All I wanna do is (BANG BANG BANG BANG )And a,((KACHENG)) and take your moneyAll I wanna do is(BANG BANG BANG BANG )And a, (KACHENG) and take your money
4) Dramatic Monologue
In poetics, a dramatic monologue is an extended, one-sided conversation by a speaker or character. According to American literary critic M.H. Abrams, a dramatic monologue in poetry should contain three key elements:
- A single person, who is patently not the poet, utters the speech that makes up the whole of the poem, in a specific situation at a critical moment.
- This person addresses and interacts with one or more other people; but we know of the auditors' presence, and what they say and do, only from clues in the discourse of the single speaker.
- The main principle controlling the poet's choice and formulation of what the lyric speaker says is to reveal to the reader, in a way that enhances its interest, the speaker's temperament and character.
One of my very favorite dramatic monologues in the English language is “My Last Duchess” by Robert Browning, in which the haughty Duke admits to having his last wife killed because she smiled at someone besides him. It's lovely and creepy and it sticks with you.
In contemporary music, the best example I can think of is the hilarious almost spoken-word Hump Day Anthem “Business Time” by Flight of the Concords. It has, as you might imagine, a completely different tone (and ending) than Browning's poem, but in some ways they echo each other. One is the tragic story of a woman owned by a ruthless and jealous husband, and the other is an all-too-true characterization of sex and love between modern couples who are settled with each other. It's also very, very funny.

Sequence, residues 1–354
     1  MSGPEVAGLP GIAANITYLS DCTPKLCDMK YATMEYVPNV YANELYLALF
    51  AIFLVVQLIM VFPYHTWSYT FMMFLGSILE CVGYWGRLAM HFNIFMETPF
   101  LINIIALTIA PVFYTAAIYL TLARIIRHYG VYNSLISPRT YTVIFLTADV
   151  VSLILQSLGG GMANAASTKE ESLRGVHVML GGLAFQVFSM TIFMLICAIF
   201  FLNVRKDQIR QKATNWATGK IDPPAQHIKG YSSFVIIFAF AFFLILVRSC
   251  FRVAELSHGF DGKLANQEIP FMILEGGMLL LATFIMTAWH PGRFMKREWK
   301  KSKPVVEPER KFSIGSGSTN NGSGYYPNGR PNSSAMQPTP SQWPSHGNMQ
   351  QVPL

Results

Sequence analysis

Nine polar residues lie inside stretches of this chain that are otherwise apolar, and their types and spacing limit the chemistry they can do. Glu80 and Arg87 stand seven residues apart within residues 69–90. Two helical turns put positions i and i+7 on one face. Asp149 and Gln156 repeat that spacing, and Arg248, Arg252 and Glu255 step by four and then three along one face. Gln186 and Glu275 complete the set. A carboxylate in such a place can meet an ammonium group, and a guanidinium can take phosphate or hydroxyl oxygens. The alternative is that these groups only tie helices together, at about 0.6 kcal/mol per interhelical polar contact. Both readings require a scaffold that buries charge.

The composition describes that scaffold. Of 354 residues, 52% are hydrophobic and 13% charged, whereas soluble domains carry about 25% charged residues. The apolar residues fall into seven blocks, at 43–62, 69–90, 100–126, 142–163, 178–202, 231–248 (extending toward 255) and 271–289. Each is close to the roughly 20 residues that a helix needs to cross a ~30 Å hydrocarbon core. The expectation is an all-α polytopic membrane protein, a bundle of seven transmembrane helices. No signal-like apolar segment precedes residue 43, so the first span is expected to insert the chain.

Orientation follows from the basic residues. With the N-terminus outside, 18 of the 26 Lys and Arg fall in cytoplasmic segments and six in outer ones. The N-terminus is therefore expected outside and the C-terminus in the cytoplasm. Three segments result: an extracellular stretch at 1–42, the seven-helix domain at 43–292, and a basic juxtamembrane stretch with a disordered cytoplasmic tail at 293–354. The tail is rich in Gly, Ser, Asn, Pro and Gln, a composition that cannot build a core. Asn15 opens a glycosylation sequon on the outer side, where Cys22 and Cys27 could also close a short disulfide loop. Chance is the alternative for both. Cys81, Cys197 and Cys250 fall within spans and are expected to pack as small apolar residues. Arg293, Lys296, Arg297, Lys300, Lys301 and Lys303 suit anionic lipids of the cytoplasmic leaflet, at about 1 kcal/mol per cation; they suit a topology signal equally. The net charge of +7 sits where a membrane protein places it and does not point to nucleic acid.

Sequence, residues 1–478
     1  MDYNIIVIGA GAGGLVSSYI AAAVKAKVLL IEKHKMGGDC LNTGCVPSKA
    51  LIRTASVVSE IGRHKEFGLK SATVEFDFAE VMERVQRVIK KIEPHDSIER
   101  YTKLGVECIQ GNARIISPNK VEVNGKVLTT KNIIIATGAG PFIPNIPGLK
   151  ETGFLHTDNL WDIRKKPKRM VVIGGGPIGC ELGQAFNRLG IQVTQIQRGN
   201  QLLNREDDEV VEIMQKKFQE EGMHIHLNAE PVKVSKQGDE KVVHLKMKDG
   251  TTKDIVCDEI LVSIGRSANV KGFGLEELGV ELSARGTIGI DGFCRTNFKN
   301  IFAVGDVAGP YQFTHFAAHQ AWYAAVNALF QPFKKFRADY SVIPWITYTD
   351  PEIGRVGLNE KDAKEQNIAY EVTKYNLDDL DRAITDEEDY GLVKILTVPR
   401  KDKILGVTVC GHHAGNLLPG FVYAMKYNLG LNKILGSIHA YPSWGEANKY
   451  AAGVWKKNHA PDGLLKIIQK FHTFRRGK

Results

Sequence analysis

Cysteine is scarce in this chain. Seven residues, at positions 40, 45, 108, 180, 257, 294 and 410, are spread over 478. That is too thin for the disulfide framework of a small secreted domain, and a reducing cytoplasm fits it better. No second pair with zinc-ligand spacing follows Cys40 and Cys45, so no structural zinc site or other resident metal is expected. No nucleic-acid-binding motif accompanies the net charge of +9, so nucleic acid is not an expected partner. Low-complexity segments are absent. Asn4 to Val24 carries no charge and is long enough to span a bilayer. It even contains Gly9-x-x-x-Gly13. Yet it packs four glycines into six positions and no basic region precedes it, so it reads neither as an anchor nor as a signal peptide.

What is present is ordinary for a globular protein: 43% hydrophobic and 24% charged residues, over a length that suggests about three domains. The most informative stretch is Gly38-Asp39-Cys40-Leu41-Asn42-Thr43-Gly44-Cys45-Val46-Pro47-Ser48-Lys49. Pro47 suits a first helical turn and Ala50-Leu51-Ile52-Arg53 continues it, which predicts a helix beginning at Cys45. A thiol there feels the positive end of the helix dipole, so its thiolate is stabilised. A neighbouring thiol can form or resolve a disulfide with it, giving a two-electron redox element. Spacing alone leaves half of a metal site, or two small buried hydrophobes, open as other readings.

Girl, tonight we're gonna make love. You know how I know? Because it's Wednesday. And Wednesday night is the night that we usually make love. Monday night is my night to cook. Tuesday night we go and visit your mother, but Wednesday night we make sweet, weekly love. It's when everything is just right. There's nothing good on TV. You haven't had your after-work social sports team practice so you're not too tired. Oh boy...it's all on. You lean in and say something sexy like, "I might go to bed I've got work in the morning." I know what you're trying to say girl. You're trying to say, "Oh, yeah. It's business time. It's business time."It's business.It's business time.I know what you're trying to say you're trying to say it's time for business it's business time. Ooh!It's business.It's business time.Then we're in the bathroom, brushing our teeth. That's all part of the foreplay. I love foreplay...a-Chicka-chicka, a-chicka-chicka, a-chicka-chickow-ow-oww!Then you sort out the recycling. That isn't part of the foreplay process but it is still very important. Next thing you know we're in the bedroom. You're wearing that baggy old ugly t-shirt you got from your work several years ago. Mmm, you know the one, baby...with the curry stain. Oww!I remove my clothes very, very clumsily, tripping sensuously over my pants. Now I'm naked, except for my socks, and you know when I'm down to just my socks what time it is...It's business.It's business time.You know when I'm down to my socks it's time for business that's why they call it business socks.It's business.It's business time.Oh.Ooh, makin' love.Makin' love for...Makin' love for two...Makin' love for two...minutes.When it's with me, girl, you only need two minutes, because I'm so intense. You say something like, "Is that it?" I know what you're trying to say. You're trying to say, "Aww yeah, that's it." Then you tell me you want some more. Well, I'm not surprised. But I'm quite sleepy.It's business.It's business time.Business hours are over, baby.It's business.It's business time.
5) Point of View